I’m not sure what to think of Senator “Chuckles” Schumer’s take on the return of the “Fairness” Doctrine.
Three possibilities present themselves:
- He’s an idiot.
- He assumes his audience and constituency are idiots.
- 1 and 2.
Read this and then you be the judge:
Asked if he is a supporter of telling radio stations what content they should have, Schumer used the fair and balanced line, claiming that critics of the Fairness Doctrine are being inconsistent.
“The very same people who don’t want the Fairness Doctrine want the FCC [Federal Communications Commission] to limit pornography on the air. I am for that… But you can’t say government hands off in one area to a commercial enterprise but you are allowed to intervene in another. That’s not consistent.”
There’s a vote for #1; if he thinks political speech is in the same weight class as pornography, he’s clearly been hanging out with Barney Frank and Al Franken too long.
In 2007, Senate Majority Whip Dick Durbin (D-Ill.), a close ally of Democratic presidential nominee Sen. Barack Obama (D-Ill.) told The Hill, “It’s time to reinstitute the Fairness Doctrine. I have this old-fashioned attitude that when Americans hear both sides of the story, they’re in a better position to make a decision.”
There’s a vote for #1 and #2: Americans can hear dozens of sides to every story, 24/7. There is no shortage of free speech in this country.
Senate Rules Committee Chairwoman Dianne Feinstein (D-Calif.) last year said, “I believe very strongly that the airwaves are public and people use these airwaves for profit. But there is a responsibility to see that both sides and not just one side of the big public questions of debate of the day are aired and are aired with some modicum of fairness.”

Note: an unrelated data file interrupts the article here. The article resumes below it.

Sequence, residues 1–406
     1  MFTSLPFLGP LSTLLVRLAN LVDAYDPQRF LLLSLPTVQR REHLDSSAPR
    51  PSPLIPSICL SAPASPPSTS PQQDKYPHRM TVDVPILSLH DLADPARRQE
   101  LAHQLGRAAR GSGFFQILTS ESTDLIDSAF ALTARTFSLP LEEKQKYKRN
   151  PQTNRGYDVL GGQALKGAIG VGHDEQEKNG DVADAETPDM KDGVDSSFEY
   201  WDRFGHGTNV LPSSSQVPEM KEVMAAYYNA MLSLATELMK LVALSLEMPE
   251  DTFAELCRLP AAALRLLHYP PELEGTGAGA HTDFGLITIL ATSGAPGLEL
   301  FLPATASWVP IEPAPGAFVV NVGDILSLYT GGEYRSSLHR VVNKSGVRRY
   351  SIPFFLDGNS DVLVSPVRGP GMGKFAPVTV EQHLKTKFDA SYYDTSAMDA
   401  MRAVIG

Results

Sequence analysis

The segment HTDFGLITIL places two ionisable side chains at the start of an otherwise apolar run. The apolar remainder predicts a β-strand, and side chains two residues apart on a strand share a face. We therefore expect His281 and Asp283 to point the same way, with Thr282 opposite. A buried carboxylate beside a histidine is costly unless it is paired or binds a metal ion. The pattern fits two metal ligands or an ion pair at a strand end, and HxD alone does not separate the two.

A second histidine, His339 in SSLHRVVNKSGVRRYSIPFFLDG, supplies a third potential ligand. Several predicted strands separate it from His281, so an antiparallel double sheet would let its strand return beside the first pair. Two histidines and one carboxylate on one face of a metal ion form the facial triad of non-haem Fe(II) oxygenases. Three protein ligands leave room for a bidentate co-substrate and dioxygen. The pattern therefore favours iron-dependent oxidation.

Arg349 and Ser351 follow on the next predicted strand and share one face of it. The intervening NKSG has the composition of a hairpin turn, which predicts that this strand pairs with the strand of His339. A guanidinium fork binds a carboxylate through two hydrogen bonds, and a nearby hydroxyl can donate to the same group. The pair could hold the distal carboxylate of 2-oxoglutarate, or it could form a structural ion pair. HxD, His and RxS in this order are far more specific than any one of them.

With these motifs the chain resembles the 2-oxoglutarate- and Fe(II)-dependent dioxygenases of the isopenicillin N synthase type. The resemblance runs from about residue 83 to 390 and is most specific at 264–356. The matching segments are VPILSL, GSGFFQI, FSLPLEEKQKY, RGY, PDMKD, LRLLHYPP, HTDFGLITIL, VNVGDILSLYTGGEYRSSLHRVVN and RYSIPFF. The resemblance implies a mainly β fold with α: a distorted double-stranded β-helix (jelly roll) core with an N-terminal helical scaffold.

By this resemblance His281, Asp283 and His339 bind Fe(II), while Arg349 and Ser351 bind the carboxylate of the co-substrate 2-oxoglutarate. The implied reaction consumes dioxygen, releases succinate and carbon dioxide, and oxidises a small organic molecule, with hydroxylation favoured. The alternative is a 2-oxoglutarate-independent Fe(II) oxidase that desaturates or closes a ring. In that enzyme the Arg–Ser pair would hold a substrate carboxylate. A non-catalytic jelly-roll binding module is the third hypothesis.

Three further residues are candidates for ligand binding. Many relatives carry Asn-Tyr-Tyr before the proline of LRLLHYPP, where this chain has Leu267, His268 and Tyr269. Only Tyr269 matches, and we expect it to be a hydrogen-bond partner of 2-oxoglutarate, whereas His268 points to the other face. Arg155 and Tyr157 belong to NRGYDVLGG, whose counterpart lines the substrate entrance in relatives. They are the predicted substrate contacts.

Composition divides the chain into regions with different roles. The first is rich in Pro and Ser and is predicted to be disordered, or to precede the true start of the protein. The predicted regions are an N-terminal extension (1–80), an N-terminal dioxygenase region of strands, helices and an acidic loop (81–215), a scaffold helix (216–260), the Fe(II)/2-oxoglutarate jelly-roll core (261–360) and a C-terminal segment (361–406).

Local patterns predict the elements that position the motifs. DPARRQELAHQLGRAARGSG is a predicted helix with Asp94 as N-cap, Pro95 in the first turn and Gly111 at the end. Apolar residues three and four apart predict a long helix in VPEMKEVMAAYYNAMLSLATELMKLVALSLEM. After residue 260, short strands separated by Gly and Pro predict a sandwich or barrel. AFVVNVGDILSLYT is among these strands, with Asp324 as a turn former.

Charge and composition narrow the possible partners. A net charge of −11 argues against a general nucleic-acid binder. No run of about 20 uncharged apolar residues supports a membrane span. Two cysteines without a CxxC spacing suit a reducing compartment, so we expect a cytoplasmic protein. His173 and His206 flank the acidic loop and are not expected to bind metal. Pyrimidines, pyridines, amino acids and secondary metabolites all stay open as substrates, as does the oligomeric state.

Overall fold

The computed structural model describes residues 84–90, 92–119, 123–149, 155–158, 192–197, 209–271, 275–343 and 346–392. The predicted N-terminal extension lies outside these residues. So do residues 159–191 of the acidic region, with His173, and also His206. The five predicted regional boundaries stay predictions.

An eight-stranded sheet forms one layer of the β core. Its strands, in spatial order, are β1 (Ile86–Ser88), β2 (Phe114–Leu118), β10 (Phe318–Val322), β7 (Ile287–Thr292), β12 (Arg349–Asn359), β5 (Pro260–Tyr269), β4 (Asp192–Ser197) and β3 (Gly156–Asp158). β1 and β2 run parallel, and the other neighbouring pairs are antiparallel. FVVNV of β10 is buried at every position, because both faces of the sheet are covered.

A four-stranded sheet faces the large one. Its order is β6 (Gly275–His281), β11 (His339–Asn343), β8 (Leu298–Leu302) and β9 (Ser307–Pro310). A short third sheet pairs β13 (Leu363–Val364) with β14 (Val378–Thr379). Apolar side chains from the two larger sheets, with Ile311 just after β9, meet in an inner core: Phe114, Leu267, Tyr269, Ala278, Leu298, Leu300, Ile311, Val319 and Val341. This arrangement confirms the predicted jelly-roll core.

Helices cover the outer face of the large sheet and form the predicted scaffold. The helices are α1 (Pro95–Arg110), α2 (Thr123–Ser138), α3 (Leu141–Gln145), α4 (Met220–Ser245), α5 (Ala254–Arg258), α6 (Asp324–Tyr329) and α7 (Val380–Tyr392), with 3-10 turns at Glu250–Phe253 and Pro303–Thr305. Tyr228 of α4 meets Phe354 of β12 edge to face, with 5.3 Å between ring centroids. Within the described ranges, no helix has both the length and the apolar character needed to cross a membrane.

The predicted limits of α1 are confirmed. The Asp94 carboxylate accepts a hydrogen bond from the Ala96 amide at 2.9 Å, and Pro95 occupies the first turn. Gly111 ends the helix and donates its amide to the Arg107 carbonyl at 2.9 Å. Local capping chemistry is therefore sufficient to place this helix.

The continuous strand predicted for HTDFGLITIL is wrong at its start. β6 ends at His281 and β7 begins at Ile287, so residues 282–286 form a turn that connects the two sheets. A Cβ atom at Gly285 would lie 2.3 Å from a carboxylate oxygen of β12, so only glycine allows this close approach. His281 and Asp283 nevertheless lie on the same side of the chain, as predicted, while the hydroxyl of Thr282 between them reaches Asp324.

Another vote for both. “Fairness” comes from having the ability to get your point out there. Nothing prevents the left from being heard in (it’s absurd that I have to even mention this) the media.
He also defended “card check” legislation [saying] “there has to be some counter” to the leverage businesses have, claiming “employers have every leg up on people who want to organize and that’s why union workers have gone down from about 25 percent to 6 percent [in the private sector].”
There’s a vote for #1, because nobody could be stupid enough to think that a private ballot benefits business any more than it harms unions.
So that’s four votes for “Schumer is an idiot”, and two for “He thinks everyone else is an idiot”.
As long as Chuckles Schumer sits in office, no New Yorker has any reason to feel superior to any toothless, Klan-voting yokel from Alabama.